Primary vs Final Energy

An Eccentric Anomaly: Ed Davies's Blog

Here's a correction to my previous Is PV Enough? post.

In that post I wrote:

Currently the average European uses about 5 kW of energy.


On the other hand, primary energy is, I think, a bit more as it includes waste heat from power stations and so on.

A more-recent Twitter conversation with Kees van der Leun points to this EU statistics image which gives the final energy consumption for the EU-28 for 2015 as 1084 million tonnes of oil equivalent.

One tonne of oil equivalent is approximately 42 GJ. 2015 was a common year, there are 86400 seconds in a day, and the population of the EU is about 510 million people so that's

>>> 1084e6 * 42e9 / (365*86400) / 510e6

an average of 2.8 kW per person.

That's considerably lower than the 5 kW/peep figure I gave in that previous post which must, I now think, be primary energy use. Therefore, the areas calculated in that post are an overestimate and should be some 44% smaller, which is good news.

The difference between primary and final energy is the extra which gets used in delivering energy to the end user: for example, the waste heat emitted by most thermal (e.g., nuclear, coal, gas) power stations and the energy used in refining and transporting petrol and diesel fuel.

The definition is rather arbitrary. Final energy for petrol is, I understand, considered to be that available in the fuel as it's delivered on the forecourt. The waste heat which goes out of the exhaust pipe and radiator (about 1/3rd each of that available in the fuel for your typical fossil burner, though a bit might be used for cabin heating) is counted in the final energy.

But, the primary energy from photovoltaics is the DC current coming out of the panels, not the sunlight going in. This is fair in a way as the primary energy from oil is considered to be the liquid pumped out of the ground, not the sunlight which fell on the leaves in the Jurassic or whenever.

Anyway, concentrating on just the EU-28, how much PV would be needed to generate all these final energy needs? Omitting the final division by 510 million in the above calculation gives an average power requirement for the region of 1.44 TW.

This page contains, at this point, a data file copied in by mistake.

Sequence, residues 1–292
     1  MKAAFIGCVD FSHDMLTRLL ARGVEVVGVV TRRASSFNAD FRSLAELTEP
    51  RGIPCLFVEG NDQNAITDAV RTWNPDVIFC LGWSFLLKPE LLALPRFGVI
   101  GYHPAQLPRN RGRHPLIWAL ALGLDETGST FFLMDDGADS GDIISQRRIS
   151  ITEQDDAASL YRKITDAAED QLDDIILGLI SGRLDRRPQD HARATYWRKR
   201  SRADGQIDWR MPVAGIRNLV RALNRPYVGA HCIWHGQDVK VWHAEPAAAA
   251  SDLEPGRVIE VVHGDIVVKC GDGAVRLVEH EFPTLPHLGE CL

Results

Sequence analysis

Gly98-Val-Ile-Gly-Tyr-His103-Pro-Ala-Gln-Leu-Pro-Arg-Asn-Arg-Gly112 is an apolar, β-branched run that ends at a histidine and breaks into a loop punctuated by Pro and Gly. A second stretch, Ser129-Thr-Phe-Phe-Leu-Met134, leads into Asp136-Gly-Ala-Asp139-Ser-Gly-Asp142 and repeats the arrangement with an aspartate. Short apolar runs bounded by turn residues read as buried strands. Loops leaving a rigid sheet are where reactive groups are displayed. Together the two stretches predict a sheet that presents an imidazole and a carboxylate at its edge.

According to PVGIS a 1 m² (150 W) panel lying flat near Almería­ in southern Spain would produce 0.28 kWh/day in December (the worst month of the year). That's an average of 11.7 W so to produce 1.44 TW we'd need an area of 123 thousand km².

That's 241 m²/peep which is a bit more than my previous estimate for the world of 200 m²/peep which was itself an overestimate. However, here I'm taking southern European insolation rather than that of slightly sunnier countries to the south and also taking the worst month of the year on the slightly dubious assumption that more PV is cheaper than more inter-seasonal storage.

And that's also ignoring the benefits of other sources of renewable energy which complement PV. Wind in northern Europe tends to mirror sun in southern Europe reducing the amount of PV needed for the worst part of the year.

That area is not small. But it's worth some comparisons with other areas we use. This NationMaster page weirdly gives two different figures for the number of kilometres of road per 100 km² for the EU: 169.95 and 121.79. Since it gives the Eurozone separately it's not obvious what's going on here but taking the lower of those, noting that the EU has an area of 4.475 million km² and guessing at an average road width of 6 metres the road area would be:

>>> 121.79/100 * 4.475e6 * 6/1000

33 thousand km². If we can afford that much space for one mode of transport then we can afford a bit less than four times the amount for all our energy needs, particularly as a significant proportion can be shared with other uses such as building roofs.

(By the way, I'm yet to be convinced that using actual road area for PV is not a nitwit idea.)